I didn't play team sports, surprise. I did do track and cross country (individual sports) and they helped me a lot with my awareness of my body—albeit not with group dynamics. Although I didn't partake, I recognize and genuinely envy the emotional and psychological benefits of socializing in a physical format like team sports. That's why it broke my sporting heart to read that in Atlanta, 12-year-old Madison Baxter was told she could no longer try out for football after playing for six years because the coach said she was "provoking impure thoughts." My least favorite piece of misogyny this week is a 12-year-old girl being punished because others might view her as a sexual object.

I only hate a few things more than feeling objectified: one is Doctor Octopus, and the other is being blamed and punished for being the victim of objectification. "Hey, you remind me of something inhuman like a physical object such as a table! I'm going to punish you for being a table by putting a pile of Twilight books atop you." Whether or not boys were sexually lusting after their teammate, she shouldn't be punished for that. It's not her fault, and she shouldn't be chastised for it. By blaming someone ostensibly for having a body, the coach is imparting a complex of guilt for existing and taking up space. No one should feel guilty for taking up space... except maybe solar system eaters.

This fellow on facebook (not my friend) posted the article about Madison and wrote: "Am I wrong for agreeing with this? They give a dumb reason, but I'm just not comfortable with the idea of a woman playing football with men."

Who cares what YOU'RE COMFORTABLE with, straight white man? I'm comfortable in a Princess Leia costume and nothing else, but we can't always get what we want! The inherent underlying tone of entitlement is infuriating. The issue is whether or not a 12-year-old girl should be blamed for inciting sexual desires—not whether or not a woman should be allowed to play football, but thanks for taking it there, Television's 1950s Gym Teacher.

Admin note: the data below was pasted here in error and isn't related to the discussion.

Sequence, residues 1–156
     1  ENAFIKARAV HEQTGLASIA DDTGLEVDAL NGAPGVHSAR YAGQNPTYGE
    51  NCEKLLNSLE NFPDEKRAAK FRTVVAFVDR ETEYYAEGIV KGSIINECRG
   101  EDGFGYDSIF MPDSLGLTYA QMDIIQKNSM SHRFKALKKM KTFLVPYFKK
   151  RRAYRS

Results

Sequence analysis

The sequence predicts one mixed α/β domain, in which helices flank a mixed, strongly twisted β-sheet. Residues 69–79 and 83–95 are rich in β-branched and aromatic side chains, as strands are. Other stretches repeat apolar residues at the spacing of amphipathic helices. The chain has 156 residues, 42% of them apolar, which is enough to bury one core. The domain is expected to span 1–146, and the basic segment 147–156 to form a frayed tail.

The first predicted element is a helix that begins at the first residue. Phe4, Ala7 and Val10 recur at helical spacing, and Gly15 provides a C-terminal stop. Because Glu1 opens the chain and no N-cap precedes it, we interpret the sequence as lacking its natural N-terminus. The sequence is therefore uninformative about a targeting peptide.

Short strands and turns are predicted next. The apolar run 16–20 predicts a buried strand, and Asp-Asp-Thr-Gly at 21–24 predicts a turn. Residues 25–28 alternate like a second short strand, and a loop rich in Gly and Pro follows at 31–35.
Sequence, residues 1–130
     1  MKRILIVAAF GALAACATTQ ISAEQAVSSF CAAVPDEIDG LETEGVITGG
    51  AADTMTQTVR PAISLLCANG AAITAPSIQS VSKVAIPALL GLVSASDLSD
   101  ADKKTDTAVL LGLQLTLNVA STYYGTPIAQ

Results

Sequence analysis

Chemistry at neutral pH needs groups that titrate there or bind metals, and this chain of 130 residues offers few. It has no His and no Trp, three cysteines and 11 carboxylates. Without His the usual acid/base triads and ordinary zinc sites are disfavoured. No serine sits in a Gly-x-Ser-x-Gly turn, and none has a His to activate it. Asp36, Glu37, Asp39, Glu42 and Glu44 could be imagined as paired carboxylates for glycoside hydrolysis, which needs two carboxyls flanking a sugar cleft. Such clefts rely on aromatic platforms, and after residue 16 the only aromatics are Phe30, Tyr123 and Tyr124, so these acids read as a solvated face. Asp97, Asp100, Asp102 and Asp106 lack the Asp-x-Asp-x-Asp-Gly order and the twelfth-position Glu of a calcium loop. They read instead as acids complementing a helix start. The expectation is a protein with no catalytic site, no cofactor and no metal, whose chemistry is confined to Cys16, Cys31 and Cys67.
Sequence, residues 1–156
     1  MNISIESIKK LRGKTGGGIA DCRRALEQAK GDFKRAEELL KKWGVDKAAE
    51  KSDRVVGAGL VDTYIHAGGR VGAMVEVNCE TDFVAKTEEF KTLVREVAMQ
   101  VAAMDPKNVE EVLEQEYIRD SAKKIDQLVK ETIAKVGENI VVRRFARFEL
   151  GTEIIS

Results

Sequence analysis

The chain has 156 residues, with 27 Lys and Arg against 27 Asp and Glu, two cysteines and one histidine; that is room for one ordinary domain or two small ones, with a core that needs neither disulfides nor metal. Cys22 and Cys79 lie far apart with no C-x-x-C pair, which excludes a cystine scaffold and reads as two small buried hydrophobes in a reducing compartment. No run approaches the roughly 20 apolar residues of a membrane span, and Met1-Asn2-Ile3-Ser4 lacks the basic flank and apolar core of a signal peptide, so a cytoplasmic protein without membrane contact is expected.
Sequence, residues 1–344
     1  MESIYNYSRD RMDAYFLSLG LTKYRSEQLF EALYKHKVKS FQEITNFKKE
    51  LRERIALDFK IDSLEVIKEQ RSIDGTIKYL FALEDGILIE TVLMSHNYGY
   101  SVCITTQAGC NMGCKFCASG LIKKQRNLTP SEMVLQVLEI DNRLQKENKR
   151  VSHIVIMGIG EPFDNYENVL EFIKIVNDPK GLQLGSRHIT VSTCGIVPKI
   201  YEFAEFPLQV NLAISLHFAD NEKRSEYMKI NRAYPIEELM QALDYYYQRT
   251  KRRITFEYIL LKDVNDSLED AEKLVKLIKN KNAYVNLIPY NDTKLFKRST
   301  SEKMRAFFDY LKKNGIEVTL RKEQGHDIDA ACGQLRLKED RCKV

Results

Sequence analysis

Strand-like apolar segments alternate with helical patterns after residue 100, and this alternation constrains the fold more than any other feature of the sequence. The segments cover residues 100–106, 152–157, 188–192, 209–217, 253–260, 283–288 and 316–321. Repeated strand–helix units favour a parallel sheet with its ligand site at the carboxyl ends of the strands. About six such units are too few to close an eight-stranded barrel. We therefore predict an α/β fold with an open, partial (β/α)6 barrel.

It's stressful to go through puberty, your body forming into that of a woman—but I had to shed my yeti skin sometime. Being 12 is such a vulnerable time. It must be so empowering for Madison to play a sport and step into the strength of her own body, while making friends. It's horrible that this very empowerment morphed into something dehumanizing and shameful. It's difficult to own our bodies, to take up space, to fight the guilt for existing drilled into us as women. The coach's behavior is of the ilk that inspires body dysmorphia and slut shaming. And I hate anyone who inspires body dysmorphia and slut shaming to do anything besides star in a buddy cop movie.

Besides, any coach that says a 12-year-old little girl can't play football because she would inspire too much lust has bigger problems... such as being labeled a pedophile.

Women have bodies that are beautiful. Everyone is wonderful and whole and amazing for existing. We shouldn't be blamed for the desire we create. We shouldn't be punished or have any privileges taken away because others' can't control their hormones. All that being said... football is the one with the melon shaped ball, right?

That has been my least favorite piece of misognyny this week, tune in next week to find out why Lassie doesn't care that Timmy fell down the well this time!